Behind the scenes on Don’t Be Afraid Of The Dark

We talk to director Troy Nixey, star Guy Pearce and producer Guillermo Del Toro, plus take an exclusive look at the film’s creature designs

When a young girl is sent to live with her father and his girlfriend in their centuries-old Gothic mansion, she tries to tries to befriend a group of unseen beings living in the basement only to discover those evil little creatures are decidedly unfriendly. And hungry.

That’s the bare-bones premise of Don’t Be Afraid of the Dark, a new horror-fantasy from the disturbed mind of filmmaker Guillermo del Toro (Pan’s Labyrinth, Hellboy). Co-written and produced by del Toro and helmed by first-time director Troy Nixey, the film stars Guy Pearce, Katie Holmes and up-and-coming child star Bailee Madison.

Ironically, it was del Toro’s own childhood fears stemming from a 1973 TV movie of the same name that led to his remake decades later. “It had a cult status through the years,” he explains, “and it was one of the scariest TV movies ever made. It left such an impression on me that I sought and got the rights in the nineties and wrote this movie with Matthew Robbins 13 years ago. It has some of the same plot devices, but an entirely new story.”

In the new version, Madison stars as Sally, who is unceremoniously dumped with her father Alex Hurst (Pierce) who’s more interested in his current girlfriend Kim (Holmes) and turning Blackwood Manor into an architectural showpiece to worry about a daughter hanging around. Left to her own devices, Sally soon discovers an ancient race of creatures living in the blocked-up cellar but when the true nature of the evil homunculi is revealed, Sally finds first herself being hunted and terrorized by the tiny beasts.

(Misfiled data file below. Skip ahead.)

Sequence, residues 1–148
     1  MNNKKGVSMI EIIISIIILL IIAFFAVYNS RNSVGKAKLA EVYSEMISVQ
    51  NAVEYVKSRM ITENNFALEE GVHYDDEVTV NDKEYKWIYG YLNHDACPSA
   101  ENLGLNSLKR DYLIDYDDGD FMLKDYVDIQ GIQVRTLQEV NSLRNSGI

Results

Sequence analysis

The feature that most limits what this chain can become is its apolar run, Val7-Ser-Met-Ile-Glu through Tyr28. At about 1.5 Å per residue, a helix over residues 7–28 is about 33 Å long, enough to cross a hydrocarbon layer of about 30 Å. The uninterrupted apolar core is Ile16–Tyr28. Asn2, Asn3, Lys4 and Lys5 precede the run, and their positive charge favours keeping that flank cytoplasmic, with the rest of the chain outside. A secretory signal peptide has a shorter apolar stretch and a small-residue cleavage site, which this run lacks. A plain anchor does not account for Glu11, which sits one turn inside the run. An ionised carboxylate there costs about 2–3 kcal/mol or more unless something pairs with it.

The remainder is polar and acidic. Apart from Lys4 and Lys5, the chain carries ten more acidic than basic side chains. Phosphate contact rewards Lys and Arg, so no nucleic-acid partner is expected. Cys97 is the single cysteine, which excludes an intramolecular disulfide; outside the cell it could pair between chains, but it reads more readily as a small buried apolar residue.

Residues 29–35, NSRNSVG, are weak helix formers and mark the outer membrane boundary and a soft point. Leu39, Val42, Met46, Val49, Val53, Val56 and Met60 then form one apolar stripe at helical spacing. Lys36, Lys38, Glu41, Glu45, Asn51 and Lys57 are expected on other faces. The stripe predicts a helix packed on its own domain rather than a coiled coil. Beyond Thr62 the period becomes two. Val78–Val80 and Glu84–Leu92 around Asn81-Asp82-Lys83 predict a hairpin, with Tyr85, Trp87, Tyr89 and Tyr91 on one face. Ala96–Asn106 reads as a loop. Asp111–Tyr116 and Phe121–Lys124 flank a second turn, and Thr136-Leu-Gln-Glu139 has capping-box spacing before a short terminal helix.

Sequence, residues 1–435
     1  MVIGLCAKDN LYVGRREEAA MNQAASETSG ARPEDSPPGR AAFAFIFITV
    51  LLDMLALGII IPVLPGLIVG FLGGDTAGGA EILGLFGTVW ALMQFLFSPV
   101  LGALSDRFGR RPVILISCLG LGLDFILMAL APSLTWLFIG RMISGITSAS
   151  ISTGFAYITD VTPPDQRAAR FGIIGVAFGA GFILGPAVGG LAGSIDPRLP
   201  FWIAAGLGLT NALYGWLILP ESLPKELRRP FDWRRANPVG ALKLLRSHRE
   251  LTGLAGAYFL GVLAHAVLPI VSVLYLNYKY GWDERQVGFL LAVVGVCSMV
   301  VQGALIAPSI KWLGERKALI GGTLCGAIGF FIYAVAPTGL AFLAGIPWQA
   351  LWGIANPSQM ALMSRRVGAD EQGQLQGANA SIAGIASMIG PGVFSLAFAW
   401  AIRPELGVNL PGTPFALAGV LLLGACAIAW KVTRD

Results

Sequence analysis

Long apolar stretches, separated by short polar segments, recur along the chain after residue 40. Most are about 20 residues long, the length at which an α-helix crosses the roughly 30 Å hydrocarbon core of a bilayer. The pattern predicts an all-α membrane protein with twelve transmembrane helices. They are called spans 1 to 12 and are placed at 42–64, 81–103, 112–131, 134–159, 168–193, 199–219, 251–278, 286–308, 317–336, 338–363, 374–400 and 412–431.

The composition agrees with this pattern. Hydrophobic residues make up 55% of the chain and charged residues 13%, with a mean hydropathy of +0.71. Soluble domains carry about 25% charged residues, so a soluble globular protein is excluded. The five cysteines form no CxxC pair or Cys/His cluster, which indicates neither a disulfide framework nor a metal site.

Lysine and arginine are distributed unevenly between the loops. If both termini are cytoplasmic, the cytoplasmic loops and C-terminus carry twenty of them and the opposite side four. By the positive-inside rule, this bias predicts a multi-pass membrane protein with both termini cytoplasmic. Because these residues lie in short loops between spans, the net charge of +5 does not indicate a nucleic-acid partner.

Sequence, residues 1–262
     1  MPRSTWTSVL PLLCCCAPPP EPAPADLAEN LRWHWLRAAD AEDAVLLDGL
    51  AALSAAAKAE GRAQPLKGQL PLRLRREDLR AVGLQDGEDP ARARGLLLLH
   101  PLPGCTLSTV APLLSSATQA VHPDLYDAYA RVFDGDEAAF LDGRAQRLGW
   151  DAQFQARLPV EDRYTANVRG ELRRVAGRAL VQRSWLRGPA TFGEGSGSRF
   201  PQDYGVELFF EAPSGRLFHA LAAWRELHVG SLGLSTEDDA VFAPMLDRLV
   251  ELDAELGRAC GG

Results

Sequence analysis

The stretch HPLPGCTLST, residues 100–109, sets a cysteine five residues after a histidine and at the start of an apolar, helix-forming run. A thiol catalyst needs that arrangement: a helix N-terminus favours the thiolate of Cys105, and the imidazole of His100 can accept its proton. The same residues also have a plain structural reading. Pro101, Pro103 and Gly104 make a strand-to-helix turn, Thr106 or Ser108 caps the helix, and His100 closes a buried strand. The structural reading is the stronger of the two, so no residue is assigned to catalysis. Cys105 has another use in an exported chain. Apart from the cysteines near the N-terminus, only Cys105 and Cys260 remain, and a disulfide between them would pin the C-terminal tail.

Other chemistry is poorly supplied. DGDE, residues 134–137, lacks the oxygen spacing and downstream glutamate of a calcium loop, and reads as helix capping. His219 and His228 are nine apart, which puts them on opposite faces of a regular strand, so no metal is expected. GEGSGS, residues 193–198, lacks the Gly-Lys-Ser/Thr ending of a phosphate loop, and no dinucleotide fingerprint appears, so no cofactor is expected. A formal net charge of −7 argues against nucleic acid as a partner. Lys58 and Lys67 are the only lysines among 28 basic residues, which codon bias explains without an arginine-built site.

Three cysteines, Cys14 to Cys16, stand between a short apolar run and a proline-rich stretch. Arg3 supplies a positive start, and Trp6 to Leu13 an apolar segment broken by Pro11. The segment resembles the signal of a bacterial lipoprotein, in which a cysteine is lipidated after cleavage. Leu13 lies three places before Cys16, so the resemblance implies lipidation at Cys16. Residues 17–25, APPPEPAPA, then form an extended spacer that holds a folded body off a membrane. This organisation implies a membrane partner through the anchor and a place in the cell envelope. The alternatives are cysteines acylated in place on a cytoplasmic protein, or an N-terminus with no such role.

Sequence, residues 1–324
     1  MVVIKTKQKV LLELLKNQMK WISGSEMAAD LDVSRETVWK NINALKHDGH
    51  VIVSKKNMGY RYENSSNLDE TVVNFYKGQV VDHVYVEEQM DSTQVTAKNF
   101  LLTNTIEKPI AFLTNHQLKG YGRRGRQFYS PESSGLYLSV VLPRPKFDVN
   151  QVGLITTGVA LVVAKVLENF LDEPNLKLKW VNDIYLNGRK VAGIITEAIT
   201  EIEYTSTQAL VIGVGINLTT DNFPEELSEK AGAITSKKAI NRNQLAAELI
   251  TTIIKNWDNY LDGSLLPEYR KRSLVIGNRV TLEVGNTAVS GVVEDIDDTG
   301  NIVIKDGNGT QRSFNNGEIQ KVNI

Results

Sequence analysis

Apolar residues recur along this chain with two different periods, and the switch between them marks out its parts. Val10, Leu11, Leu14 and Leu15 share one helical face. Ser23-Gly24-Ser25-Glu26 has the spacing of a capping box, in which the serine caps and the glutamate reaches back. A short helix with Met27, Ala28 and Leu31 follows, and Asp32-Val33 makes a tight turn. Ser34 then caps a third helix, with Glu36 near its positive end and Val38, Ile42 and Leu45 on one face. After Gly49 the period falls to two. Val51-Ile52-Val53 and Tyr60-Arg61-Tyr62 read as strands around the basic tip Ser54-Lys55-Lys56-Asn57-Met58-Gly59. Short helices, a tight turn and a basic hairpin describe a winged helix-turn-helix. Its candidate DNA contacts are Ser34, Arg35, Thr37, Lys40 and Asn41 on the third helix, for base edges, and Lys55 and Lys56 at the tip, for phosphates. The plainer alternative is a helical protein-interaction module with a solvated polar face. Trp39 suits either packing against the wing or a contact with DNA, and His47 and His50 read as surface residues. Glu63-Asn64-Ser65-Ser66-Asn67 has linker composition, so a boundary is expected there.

Although del Toro’s remake quickly found its way to Miramax, the script went through more than a decade of development hell before getting green-lit. “It went through a number of permutations,” he recalls. “They had the creatures flying, they kidnapped women and impregnated them, they were six feet tall, they were vampires; they went in some completely different directions before we went back to the original draft that I wanted to do from the start.”

Although the script was originally written for del Toro to direct, he ultimately decided to produce it instead, offering the job to former comic book artist-turned-filmmaker Troy Nixey. “He instilled a confidence in me right from the beginning,” claims Nixey whose short film Latchkey’s Lament had impressed del Toro enough to hand over the project. “You really need that confidence to be able to say, ‘Okay, I need to feel that he has my back!’ Guillermo always said, ‘I’ll be there when you need me and I won’t when you don’t,’ but of course he’s Guillermo del Toro with this massive imagination; of course I’m going to pick his brain.

“With the creature design for example, I was working with Chet Zar and Keith Thompson, but Guillermo was always there saying, ‘What do you guys think about this?’ instead of ‘This is what I want you guys to do!’  It was such an amazing opportunity to have someone who you admire as much as I do, to give you the thumbs-up on a piece of material that meant so much to him, and to be able to go off and make the movie that he once to make himself.”